Is the “Age of Cyber War” at hand? This year, the fifth annual McAfee Virtual Criminology Report contemplates this question and others prompted by the fact that nation-states are arming themselves for the cyberspace battlefield.
Although there is no commonly accepted definition for cyber war today, we have seen nation-states involved in varying levels of cyber conflict.
Further, while we have not yet seen a “hot” cyber war between major powers, the efforts of nation-states to build increasingly sophisticated cyber attack capabilities, and in some cases demonstrate a willingness to use them, suggests that a “Cyber Cold War” may have already begun.
If a major cyber conflict between nationstates were to erupt, it is very likely that the private sector would get caught in the crossfire.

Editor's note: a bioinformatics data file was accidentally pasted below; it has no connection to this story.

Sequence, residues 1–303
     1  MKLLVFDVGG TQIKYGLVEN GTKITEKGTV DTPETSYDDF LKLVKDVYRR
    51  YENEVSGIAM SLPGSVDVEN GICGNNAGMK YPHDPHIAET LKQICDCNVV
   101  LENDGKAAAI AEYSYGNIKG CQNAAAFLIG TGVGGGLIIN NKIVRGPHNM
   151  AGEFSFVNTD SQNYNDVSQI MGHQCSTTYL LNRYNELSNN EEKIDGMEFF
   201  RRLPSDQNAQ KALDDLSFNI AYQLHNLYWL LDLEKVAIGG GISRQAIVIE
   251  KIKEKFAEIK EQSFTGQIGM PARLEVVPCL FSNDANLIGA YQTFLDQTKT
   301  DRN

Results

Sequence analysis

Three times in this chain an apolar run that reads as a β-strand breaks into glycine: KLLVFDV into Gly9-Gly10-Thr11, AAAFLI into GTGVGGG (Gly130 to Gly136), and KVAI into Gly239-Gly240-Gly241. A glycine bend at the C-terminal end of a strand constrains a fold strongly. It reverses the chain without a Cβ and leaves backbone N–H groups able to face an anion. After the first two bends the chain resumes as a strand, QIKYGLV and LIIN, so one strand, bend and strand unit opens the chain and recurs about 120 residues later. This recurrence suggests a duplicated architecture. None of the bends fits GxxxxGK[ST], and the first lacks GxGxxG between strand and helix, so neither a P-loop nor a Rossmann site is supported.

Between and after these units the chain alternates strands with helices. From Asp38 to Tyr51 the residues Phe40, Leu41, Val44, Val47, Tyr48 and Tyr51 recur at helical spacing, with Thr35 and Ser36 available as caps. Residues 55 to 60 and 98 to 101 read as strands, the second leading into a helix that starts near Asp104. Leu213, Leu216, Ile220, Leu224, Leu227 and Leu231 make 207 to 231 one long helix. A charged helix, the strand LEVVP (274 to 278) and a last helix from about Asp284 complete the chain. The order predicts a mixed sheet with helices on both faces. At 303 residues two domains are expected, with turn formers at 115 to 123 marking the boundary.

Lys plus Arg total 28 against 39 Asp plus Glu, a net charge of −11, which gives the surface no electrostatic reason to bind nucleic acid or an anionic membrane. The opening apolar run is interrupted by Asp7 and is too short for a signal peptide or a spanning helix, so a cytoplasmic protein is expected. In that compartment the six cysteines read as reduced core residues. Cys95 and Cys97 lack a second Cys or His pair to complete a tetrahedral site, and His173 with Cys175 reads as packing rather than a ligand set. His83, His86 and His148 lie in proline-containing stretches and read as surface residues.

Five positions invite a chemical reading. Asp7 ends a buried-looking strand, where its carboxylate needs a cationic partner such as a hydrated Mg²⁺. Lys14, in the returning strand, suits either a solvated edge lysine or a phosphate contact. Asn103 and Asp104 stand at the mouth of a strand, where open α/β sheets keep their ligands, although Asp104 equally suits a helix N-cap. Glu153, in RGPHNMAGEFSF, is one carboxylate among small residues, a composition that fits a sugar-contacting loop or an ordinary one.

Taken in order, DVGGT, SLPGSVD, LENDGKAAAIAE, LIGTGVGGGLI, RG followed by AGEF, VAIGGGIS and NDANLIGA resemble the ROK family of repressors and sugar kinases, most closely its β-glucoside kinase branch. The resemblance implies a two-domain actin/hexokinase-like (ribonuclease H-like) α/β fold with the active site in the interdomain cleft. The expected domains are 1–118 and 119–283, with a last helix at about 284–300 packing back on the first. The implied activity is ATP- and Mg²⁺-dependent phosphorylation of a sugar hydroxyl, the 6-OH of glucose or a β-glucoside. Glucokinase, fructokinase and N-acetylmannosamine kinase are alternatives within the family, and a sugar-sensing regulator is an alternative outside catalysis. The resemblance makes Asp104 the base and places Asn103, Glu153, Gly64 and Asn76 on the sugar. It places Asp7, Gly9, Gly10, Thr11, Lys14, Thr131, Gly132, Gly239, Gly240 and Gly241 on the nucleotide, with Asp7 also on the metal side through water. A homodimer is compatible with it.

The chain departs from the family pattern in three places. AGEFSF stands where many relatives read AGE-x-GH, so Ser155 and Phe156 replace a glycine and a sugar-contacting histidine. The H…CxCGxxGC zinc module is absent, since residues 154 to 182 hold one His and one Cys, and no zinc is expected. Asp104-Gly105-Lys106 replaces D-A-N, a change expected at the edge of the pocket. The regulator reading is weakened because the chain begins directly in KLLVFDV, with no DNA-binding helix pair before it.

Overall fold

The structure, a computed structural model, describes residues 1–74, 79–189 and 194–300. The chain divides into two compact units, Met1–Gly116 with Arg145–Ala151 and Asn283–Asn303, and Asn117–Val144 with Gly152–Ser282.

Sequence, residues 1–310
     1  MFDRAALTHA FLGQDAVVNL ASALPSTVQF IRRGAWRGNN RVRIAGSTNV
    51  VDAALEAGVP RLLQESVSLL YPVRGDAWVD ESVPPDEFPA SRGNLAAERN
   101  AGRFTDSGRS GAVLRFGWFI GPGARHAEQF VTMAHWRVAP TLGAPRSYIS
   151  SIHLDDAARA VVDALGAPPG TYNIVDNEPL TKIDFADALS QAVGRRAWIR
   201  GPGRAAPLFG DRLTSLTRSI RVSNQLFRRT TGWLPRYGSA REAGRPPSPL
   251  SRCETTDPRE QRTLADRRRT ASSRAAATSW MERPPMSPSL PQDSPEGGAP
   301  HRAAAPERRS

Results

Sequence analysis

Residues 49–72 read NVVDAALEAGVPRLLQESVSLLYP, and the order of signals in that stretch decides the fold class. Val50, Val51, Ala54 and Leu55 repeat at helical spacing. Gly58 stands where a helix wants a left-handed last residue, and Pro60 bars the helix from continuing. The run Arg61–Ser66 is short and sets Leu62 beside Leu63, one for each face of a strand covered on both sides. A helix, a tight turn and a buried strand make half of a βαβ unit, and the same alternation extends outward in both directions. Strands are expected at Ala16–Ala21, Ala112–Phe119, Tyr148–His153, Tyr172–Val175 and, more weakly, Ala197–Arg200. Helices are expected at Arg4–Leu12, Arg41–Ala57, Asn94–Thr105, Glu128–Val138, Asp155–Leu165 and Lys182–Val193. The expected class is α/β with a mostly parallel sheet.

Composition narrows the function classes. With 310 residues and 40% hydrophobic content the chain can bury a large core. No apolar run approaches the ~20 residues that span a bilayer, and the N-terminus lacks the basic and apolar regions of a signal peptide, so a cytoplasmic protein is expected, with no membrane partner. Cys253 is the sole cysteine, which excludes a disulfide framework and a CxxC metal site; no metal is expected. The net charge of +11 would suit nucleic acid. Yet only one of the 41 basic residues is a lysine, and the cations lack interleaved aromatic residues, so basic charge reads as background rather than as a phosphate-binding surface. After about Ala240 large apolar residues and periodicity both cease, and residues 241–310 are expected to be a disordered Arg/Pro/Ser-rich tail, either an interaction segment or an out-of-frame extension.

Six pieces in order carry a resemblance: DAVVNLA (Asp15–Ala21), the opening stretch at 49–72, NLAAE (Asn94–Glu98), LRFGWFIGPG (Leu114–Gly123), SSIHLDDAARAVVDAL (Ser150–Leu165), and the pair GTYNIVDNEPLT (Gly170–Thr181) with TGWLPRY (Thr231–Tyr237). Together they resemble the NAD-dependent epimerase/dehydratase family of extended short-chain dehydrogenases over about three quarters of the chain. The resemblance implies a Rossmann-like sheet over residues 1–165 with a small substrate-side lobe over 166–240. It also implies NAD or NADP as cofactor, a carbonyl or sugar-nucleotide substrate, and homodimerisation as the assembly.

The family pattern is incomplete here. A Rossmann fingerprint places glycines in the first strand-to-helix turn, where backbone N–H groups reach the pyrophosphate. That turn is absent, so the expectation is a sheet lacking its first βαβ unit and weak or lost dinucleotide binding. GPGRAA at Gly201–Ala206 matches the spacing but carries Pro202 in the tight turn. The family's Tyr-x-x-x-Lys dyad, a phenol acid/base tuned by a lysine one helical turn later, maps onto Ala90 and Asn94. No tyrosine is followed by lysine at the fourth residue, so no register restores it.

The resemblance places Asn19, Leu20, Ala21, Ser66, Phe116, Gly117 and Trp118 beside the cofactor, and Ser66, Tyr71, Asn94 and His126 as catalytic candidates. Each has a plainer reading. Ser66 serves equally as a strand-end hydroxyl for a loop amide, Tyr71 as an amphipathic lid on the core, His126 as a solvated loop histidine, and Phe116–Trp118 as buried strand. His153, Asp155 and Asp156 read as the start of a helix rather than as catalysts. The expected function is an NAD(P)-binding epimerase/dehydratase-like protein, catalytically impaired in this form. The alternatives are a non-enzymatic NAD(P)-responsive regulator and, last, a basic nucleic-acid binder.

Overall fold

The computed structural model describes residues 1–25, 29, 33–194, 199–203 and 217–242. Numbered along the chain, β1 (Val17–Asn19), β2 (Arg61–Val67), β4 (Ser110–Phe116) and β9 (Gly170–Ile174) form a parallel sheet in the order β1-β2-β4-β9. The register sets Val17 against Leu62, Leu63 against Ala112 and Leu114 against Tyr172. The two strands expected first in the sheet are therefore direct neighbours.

Most experts agree that critical infrastructure systems—such as the electrical grid, banking and finance, and oil and gas sectors— are vulnerable to cyber attack in many countries. Some nation-states are actively doing reconnaissance to identify specific vulnerabilities in these networks. In the words of one expert, nation-states are “laying the electronic battlefield and preparing to use it.”
Too much of the debate on policies related to cyber war is happening behind closed doors.
Important questions, such as where to draw the line between cyber espionage and cyber war, are being discussed in private, or perhaps not at all. Many governments have chosen to keep debate on cyber conflict classified. Since governments, corporations and private citizens all have a stake in the future of the Internet, it is time to open a global dialogue on how to manage this new form of conflict.